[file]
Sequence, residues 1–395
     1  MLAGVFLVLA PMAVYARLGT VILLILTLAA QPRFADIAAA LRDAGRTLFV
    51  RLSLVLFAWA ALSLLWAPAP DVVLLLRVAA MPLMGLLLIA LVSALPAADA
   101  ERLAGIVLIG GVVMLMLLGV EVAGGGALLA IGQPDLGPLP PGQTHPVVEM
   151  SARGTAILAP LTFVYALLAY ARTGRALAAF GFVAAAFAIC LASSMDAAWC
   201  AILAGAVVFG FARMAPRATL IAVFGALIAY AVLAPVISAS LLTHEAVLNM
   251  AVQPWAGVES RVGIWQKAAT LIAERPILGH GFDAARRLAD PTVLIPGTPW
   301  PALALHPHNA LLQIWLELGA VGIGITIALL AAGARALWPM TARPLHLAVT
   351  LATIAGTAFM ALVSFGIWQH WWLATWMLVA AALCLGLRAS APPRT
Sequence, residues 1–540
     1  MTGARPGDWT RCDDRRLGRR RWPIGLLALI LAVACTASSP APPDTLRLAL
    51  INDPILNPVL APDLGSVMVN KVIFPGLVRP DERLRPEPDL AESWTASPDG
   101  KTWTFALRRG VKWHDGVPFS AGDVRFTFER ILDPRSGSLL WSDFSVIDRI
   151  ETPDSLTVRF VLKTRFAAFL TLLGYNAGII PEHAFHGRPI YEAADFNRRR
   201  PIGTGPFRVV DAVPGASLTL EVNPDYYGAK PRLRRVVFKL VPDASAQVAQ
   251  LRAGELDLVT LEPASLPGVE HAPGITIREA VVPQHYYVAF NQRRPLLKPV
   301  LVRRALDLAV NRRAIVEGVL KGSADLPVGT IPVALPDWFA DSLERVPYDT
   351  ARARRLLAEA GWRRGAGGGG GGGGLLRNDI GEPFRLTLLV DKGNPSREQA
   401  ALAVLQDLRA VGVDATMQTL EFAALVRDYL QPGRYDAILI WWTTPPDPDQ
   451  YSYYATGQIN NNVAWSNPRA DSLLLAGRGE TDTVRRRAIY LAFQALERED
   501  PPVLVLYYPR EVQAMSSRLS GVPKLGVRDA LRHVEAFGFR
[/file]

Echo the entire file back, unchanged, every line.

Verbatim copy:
Sequence, residues 1–395
     1  MLAGVFLVLA PMAVYARLGT VILLILTLAA QPRFADIAAA LRDAGRTLFV
    51  RLSLVLFAWA ALSLLWAPAP DVVLLLRVAA MPLMGLLLIA LVSALPAADA
   101  ERLAGIVLIG GVVMLMLLGV EVAGGGALLA IGQPDLGPLP PGQTHPVVEM
   151  SARGTAILAP LTFVYALLAY ARTGRALAAF GFVAAAFAIC LASSMDAAWC
   201  AILAGAVVFG FARMAPRATL IAVFGALIAY AVLAPVISAS LLTHEAVLNM
   251  AVQPWAGVES RVGIWQKAAT LIAERPILGH GFDAARRLAD PTVLIPGTPW
   301  PALALHPHNA LLQIWLELGA VGIGITIALL AAGARALWPM TARPLHLAVT
   351  LATIAGTAFM ALVSFGIWQH WWLATWMLVA AALCLGLRAS APPRT
Sequence, residues 1–540
     1  MTGARPGDWT RCDDRRLGRR RWPIGLLALI LAVACTASSP APPDTLRLAL
    51  INDPILNPVL APDLGSVMVN KVIFPGLVRP DERLRPEPDL AESWTASPDG
   101  KTWTFALRRG VKWHDGVPFS AGDVRFTFER ILDPRSGSLL WSDFSVIDRI
   151  ETPDSLTVRF VLKTRFAAFL TLLGYNAGII PEHAFHGRPI YEAADFNRRR
   201  PIGTGPFRVV DAVPGASLTL EVNPDYYGAK PRLRRVVFKL VPDASAQVAQ
   251  LRAGELDLVT LEPASLPGVE HAPGITIREA VVPQHYYVAF NQRRPLLKPV
   301  LVRRALDLAV NRRAIVEGVL KGSADLPVGT IPVALPDWFA DSLERVPYDT
   351  ARARRLLAEA GWRRGAGGGG GGGGLLRNDI GEPFRLTLLV DKGNPSREQA
   401  ALAVLQDLRA VGVDATMQTL EFAALVRDYL QPGRYDAILI WWTTPPDPDQ
   451  YSYYATGQIN NNVAWSNPRA DSLLLAGRGE TDTVRRRAIY LAFQALERED
   501  PPVLVLYYPR EVQAMSSRLS GVPKLGVRDA LRHVEAFGFR